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So you live in Texas, and you've decided to take a ski trip to Copper Mountain. On your first day at the slopes, you find yourself feeling a bit light headed. That can happen at 10,000 feet; especially if you are not acclimated. In some cases, that tipsy feeling might be due to altitude sickness. However, it is often the result of dehydration. Carrying a water bottle is not plausible on a ski slope. Returning to the lodge to drink more water is just not fun. However, there is a simple solution: A hydration backpack. These backpacks come with a hose that allows you a hands-free method of hydration. While they are definitely a convenience, here are some things to consider.
First of all, while hikers might choose 100 oz hydration packs, these are not necessary for skiers, who have a chance to refill the bladder in the middle of the day. In fact, 100 oz will make the pack far too heavy. A 40 to 50 oz pack is more than sufficient. The bladder itself should be composed of a breathable, antibacterial material. If it is not, the water is going to taste pretty darn funny. Look for large shoulder straps. Smaller straps are going to dig into your shoulders. For winter sports, the bladder should have an insulated bladder sleeve, as well as foam insulation around the hose. This helps prevent winter freeze up.
If protecting your skiing gear is important to you, don't neglect any of your gear. Without your ski boots, you won't be making it onto the slopes, so boot bags are important to keep your boots in good shape through your transport. Choosing between boot bags is mostly a matter of taste, however, there are important factors that you should take into account when buying any boot bags.
First, the materials are the key. Make sure that the boot bags that you are looking for have water resistant materials that are durable through any conditions. Most boot bags are made from poly-fibers that are extremely durable and far cheaper than their natural alternatives.
Also, be sure that you have enough space. Ski boots come in many shapes and sizes, so boot bags also come in many variations. If shopping locally for boot bags, bring your boots with you to ensure a good fit. Lastly, look for a comfortable shoulder strap. Hauling boots around can give your shoulder a test in durability itself. A comfortable shoulder strap could mean the difference between an aching shoulder and one that is ready for whatever the slopes can dish out.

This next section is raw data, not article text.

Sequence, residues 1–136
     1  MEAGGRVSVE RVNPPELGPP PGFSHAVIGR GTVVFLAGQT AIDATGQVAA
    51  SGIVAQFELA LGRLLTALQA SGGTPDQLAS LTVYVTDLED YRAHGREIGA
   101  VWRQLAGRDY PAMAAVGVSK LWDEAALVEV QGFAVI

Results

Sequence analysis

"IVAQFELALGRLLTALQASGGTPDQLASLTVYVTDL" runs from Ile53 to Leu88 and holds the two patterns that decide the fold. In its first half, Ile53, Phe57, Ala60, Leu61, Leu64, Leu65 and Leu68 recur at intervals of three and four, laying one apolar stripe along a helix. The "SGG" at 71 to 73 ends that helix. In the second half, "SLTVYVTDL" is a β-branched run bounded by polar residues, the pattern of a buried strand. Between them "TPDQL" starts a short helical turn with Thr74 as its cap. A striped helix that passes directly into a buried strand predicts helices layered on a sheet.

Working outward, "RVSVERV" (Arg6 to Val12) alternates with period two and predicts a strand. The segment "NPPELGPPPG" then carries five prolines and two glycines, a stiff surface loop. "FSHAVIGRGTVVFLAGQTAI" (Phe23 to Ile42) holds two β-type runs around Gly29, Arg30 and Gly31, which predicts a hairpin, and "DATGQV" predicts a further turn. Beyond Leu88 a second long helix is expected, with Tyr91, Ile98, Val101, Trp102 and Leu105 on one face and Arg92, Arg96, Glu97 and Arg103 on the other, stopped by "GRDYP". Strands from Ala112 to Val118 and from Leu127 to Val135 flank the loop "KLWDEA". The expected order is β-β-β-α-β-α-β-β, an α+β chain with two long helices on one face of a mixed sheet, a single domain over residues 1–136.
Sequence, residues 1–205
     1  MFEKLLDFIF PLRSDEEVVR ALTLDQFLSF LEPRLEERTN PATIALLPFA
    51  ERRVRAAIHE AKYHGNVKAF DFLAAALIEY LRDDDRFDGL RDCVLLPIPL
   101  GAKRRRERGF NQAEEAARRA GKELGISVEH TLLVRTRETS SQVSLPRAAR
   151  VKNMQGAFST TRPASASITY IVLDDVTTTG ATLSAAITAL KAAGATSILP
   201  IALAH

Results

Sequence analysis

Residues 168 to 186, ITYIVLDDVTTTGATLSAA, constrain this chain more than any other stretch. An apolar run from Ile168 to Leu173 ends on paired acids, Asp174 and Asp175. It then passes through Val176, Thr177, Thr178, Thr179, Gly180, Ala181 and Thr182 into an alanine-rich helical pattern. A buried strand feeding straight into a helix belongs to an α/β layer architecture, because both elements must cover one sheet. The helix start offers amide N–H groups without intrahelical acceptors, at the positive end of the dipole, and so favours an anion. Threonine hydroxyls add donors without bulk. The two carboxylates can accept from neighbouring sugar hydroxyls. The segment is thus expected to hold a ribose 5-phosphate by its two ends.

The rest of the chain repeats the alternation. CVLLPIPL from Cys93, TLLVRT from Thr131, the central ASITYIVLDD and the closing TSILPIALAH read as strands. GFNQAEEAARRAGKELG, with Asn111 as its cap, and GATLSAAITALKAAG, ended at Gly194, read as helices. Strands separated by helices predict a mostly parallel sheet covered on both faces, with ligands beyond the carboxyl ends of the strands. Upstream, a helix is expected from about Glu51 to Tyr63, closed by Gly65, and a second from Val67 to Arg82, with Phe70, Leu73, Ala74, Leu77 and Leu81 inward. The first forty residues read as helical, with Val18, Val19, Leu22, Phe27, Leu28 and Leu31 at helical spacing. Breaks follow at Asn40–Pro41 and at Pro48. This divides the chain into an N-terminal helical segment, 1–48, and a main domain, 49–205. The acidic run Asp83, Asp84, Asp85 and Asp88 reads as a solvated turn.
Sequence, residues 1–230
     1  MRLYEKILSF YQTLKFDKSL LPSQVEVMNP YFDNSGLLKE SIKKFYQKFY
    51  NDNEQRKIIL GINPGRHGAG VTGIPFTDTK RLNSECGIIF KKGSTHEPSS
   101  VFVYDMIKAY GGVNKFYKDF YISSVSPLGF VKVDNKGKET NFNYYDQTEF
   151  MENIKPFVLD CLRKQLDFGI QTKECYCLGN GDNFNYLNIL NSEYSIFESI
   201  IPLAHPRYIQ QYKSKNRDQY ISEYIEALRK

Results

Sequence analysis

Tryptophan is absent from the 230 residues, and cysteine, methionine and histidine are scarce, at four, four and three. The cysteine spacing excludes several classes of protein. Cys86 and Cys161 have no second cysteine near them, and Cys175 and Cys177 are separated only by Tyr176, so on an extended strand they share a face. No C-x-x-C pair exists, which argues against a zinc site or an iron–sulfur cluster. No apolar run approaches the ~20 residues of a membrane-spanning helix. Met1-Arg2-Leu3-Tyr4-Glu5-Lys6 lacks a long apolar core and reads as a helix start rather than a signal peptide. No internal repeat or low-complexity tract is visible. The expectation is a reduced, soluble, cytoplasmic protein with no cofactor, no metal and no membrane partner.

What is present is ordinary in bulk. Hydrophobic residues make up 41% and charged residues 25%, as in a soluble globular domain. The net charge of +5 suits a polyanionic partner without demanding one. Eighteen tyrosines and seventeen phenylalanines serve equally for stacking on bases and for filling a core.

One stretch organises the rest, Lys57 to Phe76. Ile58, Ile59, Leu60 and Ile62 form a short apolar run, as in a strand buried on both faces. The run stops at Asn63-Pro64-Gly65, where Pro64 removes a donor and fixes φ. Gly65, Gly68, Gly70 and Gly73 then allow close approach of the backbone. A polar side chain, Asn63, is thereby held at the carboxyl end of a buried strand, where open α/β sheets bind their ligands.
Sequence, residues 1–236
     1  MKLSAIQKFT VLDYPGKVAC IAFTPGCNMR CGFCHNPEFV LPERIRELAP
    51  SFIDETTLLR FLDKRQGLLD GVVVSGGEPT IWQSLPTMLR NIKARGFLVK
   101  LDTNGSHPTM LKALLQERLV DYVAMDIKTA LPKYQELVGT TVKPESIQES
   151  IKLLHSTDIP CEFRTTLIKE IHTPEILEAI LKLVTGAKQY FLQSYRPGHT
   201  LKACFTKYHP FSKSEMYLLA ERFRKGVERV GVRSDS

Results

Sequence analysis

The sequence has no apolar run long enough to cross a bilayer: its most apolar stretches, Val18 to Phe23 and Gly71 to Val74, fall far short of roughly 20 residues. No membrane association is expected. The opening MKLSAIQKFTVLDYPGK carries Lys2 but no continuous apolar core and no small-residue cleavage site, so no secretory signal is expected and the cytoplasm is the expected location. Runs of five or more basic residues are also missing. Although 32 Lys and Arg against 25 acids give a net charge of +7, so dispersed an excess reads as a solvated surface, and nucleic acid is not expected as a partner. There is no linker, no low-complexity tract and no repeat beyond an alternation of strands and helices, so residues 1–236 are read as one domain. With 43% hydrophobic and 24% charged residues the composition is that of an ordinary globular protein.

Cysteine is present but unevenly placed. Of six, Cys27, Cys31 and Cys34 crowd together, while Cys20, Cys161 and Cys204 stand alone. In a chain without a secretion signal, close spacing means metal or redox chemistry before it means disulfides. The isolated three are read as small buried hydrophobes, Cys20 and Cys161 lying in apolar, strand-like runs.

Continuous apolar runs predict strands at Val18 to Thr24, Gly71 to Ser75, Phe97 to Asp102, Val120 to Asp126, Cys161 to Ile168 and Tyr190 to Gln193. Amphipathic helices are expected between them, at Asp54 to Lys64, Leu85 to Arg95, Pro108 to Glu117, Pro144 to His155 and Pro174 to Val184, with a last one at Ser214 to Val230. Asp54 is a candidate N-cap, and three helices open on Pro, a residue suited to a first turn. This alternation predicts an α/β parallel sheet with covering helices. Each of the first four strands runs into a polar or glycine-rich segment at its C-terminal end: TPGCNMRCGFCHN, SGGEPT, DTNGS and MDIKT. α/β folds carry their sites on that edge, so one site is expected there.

Most novice skiers are so overwhelmed with all the special supplies needed to hit the slopes, that they neglect the small stuff. Perhaps the most important of these often neglected items are ski socks. Ski socks are specially designed to stay drier and warmer during the harsh conditions on the mountain.
It is very common for water to get trapped in the ski boot. It is so important that this moisture is moved away from your toes, or else so matter how perfect the skiing, you will be uncomfortable and cold in your boots. This can be so distracting that it can cause a skier to cut his or her day short. Spend the few dollars it takes to stay warm and dry…your feet will thank you!
Most skiers need to travel a long distance to make it out to the slopes. If you travel by air to get to your favorite mountain or resort, ski bags are the best way to travel with your own equipment rather than having to rent from your final destination. Ski bags are designed to hold your skis along with your boots and all of your other skiing accessories. Their design will often give your skis a safe packaging for a long trip.
Look for ski bags that are made from durable materials. Travel can give any luggage a beating, and ski bags are no exception. You don't want to arrive and find your skis were damaged in transit. Spend the money on a good ski bag and you won't threaten your entire skiing investment. Shop around the Internet for great deals on ski bags. Your ski manufacturer may have ski bags available that are custom fit for your model of ski. If so, these are a great option. However, there are many after market manufacturers of ski bags that make just as good of a product for an often, much lower price.